How oil spills occur

The world we live in needs oil. Despite the loud proclamations that we are moving to zero emissions and striving to be carbon neutral, the UK is dependent on oil. It fuels our cars and powers our turbines for electricity; our economy is moved by it. So, as we try to wean ourselves off oil this still shows no real sign of abating. Given the estimated amount of fuel we have left, in terms of barrels, there is enough, given the current use levels, to last another fifty years.

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When incidents like the Torrey Canyon or Exxon Valdez oil spills occur, or the oil fields are set on fire by a dictator like Saddam Hussein, that number of barrels radically reduces. Oil spills are the worst occurrence as they also create an environmental disaster. Ecosystems, biodiversity and places of nature have been irrevocably damaged following these terrible events. Luckily, we now have Spill Kits, like those from, and they can help to mitigate the damage.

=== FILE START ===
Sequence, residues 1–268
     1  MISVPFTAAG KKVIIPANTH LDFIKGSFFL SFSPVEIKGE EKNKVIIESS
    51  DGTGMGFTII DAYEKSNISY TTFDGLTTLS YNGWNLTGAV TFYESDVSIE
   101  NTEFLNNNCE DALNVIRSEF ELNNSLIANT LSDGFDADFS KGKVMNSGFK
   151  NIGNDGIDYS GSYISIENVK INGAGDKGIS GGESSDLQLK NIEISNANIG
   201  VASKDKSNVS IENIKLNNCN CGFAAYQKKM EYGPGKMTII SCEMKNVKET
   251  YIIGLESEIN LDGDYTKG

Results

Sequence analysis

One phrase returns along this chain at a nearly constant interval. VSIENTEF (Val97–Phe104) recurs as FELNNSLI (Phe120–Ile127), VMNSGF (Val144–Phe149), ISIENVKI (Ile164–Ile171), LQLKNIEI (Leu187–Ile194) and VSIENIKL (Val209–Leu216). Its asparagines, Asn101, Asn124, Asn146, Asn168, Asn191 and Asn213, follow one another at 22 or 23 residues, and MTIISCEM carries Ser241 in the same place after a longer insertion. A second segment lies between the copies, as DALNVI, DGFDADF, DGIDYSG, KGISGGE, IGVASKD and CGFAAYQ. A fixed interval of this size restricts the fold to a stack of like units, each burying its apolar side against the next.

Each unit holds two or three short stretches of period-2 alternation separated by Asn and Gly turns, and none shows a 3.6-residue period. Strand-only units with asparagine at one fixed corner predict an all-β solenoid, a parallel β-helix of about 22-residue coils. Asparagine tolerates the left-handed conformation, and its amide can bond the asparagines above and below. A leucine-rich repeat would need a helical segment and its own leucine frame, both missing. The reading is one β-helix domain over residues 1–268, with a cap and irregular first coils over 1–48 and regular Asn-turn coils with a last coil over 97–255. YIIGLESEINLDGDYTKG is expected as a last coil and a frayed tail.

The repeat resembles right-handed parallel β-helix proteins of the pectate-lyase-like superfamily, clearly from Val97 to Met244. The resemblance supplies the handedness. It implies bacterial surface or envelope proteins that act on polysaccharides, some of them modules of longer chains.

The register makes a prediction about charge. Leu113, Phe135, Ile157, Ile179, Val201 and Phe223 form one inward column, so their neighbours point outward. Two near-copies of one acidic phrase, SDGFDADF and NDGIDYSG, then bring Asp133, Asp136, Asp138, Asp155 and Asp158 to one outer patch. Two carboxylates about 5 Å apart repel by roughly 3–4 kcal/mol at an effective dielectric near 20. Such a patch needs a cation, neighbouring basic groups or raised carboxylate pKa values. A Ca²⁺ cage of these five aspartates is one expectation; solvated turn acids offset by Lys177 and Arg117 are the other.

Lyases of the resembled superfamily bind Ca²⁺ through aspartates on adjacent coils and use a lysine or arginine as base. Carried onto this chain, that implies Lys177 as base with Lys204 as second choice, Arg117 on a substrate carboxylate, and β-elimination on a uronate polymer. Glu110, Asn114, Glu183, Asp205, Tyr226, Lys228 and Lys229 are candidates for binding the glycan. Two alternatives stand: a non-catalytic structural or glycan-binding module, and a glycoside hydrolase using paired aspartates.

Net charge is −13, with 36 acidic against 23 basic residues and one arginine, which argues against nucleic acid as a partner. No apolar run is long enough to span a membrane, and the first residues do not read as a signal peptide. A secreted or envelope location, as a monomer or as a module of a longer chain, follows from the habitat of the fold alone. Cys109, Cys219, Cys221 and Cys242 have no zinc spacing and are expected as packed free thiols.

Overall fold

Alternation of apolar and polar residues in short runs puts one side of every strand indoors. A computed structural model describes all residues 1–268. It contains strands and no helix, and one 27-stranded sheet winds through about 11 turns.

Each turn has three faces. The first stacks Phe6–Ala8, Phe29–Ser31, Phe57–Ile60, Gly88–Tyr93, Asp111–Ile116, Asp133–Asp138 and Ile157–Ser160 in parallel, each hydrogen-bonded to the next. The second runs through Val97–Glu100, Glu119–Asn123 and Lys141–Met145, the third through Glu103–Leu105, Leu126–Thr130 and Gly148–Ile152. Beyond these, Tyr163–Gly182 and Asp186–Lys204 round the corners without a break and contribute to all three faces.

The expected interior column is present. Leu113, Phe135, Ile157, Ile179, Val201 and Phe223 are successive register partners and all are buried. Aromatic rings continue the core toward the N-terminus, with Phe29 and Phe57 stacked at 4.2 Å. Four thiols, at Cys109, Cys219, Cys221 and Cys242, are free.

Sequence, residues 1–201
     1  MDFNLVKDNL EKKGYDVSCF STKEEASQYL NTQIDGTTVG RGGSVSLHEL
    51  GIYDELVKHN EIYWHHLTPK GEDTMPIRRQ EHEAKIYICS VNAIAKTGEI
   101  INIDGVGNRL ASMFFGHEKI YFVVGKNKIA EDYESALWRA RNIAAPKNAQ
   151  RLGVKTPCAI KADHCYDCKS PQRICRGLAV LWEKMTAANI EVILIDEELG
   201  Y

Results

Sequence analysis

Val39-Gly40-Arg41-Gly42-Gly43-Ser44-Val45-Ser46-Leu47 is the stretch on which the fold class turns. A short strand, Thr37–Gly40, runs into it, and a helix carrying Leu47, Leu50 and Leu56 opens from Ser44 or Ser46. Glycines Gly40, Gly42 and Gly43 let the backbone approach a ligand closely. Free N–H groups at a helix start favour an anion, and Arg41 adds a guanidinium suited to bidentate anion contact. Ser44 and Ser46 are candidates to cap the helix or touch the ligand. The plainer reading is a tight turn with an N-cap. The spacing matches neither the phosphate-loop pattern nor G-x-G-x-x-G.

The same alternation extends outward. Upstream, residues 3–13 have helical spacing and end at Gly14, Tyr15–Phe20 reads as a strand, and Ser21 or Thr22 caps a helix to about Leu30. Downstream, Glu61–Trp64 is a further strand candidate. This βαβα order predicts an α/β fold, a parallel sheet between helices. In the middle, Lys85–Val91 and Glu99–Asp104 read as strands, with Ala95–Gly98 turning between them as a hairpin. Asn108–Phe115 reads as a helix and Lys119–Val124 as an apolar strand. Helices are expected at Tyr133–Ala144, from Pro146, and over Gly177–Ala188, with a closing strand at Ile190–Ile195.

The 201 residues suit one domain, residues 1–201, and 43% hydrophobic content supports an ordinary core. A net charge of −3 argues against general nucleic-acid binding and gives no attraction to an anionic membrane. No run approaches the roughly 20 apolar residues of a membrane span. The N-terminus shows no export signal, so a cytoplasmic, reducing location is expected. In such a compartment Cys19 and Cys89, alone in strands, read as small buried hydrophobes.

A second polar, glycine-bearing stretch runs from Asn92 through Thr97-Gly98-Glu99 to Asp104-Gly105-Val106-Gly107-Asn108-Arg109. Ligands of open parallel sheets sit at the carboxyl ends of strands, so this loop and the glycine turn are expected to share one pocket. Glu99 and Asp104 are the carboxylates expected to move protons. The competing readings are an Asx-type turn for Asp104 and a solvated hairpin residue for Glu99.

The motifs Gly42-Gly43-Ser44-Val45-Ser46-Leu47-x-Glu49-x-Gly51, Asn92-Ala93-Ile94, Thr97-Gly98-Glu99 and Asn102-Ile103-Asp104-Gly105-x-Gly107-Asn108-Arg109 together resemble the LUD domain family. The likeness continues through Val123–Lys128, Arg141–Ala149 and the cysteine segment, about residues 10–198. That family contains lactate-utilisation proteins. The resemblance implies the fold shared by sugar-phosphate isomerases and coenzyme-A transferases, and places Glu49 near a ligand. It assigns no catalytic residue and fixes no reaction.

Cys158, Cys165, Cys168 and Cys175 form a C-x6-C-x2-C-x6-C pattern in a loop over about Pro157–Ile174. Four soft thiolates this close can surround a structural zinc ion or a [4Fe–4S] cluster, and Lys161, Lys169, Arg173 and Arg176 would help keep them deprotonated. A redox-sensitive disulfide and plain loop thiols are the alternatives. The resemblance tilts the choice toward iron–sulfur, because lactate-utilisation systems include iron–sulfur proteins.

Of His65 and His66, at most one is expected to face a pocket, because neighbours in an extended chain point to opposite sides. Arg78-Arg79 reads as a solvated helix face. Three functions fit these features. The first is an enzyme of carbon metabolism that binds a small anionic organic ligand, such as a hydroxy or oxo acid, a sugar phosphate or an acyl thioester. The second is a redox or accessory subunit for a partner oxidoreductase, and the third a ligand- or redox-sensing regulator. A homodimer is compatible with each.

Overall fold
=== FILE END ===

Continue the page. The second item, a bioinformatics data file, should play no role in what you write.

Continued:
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Most spills have come from tankers. Crude oil can only be transported in bulk over the sea. There is a raft of maritime controls, plus the tankers are designed with unique hulls that attempt to limit the amount of oil that escapes, to stop this from happening. Sadly, it still does. Most have been through a human error on the ship, meaning the companies that own the ships usually escape prosecution.

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